What is Hypopnea?

Hypopnea is a sleep disorder that is similar to apnoea but involves periods of overly shallow breathing or an abnormally low respiratory rate whereas apnoea is where breathing stops altogether.  Therefore hypopnea is less severe a condition than apnoea but can nevertheless be frightening for sufferers.  It can be that you have the condition and get a full night’s sleep but don’t feel rested because you didn’t get the right kind of sleep.


There are various causes of hypopnea including:

  • Physical problem such as nasal septum deformation or a congenital narrowness of the nasal meatus (nose canal)  and the gullet
  • Severe cases of tonsillitis and/or adenoiditis
  • Being overweight
  • Any neuromuscular disease or condition that means the respiratory muscles are weakened
  • Using sedatives or sleeping pills
  • Alcohol abuse
  • Smoking
  • The ageing process

Nasal septum deviation is where the nasal septum becomes displaced and around 80% of people that have this condition never realise it.  It can occur from an impact accident or a blow to the face or it can be something that happened as a child or during childbirth.  In itself, it causes difficulty in breathing and infections around the sinuses as well as hypopnea and apnoea.  As well as the poor sleep, people often experience repeated sneezing, nosebleeds and pain in the face along with an impaired ability to smell.


The most common symptom of hypopnea is that people are excessively sleepy due to the lack of proper sleep.  People with the condition also tend to have a loud, heavy snore that is broken up by choking sounds or loud snorts then short periods of silence when the air cannot get through to the lungs.  This period can be around 20 seconds or longer and can happen as often as every hour.

Other symptoms due to the condition can be depression, mood changes, forgetfulness, loss of concentration, lack of energy and nervousness.  However, these are not always found by suffers and not all people with these conditions have hypopnea.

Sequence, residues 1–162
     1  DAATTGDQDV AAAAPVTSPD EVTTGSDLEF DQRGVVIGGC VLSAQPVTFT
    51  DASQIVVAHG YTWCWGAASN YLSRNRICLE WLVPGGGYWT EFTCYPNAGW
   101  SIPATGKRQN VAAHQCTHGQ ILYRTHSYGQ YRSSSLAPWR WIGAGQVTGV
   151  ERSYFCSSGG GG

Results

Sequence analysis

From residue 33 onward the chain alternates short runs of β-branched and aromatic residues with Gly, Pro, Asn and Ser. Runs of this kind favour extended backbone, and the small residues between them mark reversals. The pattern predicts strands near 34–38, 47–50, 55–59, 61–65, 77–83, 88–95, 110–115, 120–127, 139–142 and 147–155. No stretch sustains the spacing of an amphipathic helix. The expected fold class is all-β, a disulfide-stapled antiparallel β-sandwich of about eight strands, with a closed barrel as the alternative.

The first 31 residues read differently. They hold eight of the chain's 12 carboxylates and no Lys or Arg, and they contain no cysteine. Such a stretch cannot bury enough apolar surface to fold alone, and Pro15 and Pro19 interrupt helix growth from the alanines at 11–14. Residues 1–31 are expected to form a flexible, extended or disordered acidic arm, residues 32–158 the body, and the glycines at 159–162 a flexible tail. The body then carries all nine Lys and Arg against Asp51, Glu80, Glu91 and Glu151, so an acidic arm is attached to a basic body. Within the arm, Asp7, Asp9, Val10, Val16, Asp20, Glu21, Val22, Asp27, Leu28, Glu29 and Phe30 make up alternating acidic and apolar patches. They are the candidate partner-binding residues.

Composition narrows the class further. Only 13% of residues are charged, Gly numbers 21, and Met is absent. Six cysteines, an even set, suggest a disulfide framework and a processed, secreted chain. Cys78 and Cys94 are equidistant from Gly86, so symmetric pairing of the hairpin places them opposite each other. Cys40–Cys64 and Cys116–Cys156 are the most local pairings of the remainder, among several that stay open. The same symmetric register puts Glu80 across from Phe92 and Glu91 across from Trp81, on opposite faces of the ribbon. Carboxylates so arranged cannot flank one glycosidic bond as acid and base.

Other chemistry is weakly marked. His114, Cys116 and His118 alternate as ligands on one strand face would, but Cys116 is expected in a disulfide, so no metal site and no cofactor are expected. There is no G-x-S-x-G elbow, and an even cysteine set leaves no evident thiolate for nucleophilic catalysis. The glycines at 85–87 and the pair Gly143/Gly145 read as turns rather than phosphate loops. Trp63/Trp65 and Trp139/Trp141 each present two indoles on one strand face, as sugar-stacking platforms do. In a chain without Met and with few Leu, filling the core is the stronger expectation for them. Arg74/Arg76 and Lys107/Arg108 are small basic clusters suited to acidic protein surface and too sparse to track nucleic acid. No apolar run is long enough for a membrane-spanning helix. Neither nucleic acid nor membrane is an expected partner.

The most direct consequence of sleep hypopnea is that the carbon dioxide in the blood increases and the oxygen levels decrease, relative to how serious the airway is obstructed.  Generally, this means that people have a disrupted sleep pattern leading to fatigue, lethargy, lack of concentration, being irritable and headaches in the morning.  Or in other words, they act like someone who is really tired.

There are two main types of hypopnea; central or obstructive.  With obstructive hypopnea, the airway is only partial closed but it is closed enough to cause the physical effects.

There is a hypopnea index (HI) used to decide the severity of the condition whereby the number of events during a sleep period are divided by the number of hours slept.  Another method to diagnose severity can be the Respiratory Disturbance Index, which is also used for sleep apnoea and other conditions, but take into account events that do not disturb sleep but may be part of the condition.


One of the main treatment for the condition is called continuous positive airway pressure (CPAP).  This is where the patient wears a mask that covers their nose and/or mouth and an air blower pushes air through the upper airway.  The amount of pressure used can be altered so that it maintains the oxygen levels in the blood.

Another treatment used is an oral appliance.  This is the preferred method of the American Academy of Sleep Medicine especially for those with mild to moderate versions of the condition.  It is also used where people cannot manage to have the mask fitted in the CPAP treatment.  Oral appliances are custom made by a dentist who has been trained in dental sleep medicine.

Mild versions of the condition can be treated on some occasions by lifestyle changes such as avoiding alcohol or stopping smoking.  Also, learning to avoid sleeping on your back can sometimes have a beneficial effect, as can losing weight if you are overweight.  The use of sedative has been found to help some people, as have hypnotics.

Finally, surgery is a last-resort treatment and is only used when the person has a problem in the upper airway.  It can involve removing an obstruction such as tonsils, adenoids or the uvula so is not a solution for everyone who suffers with the condition.

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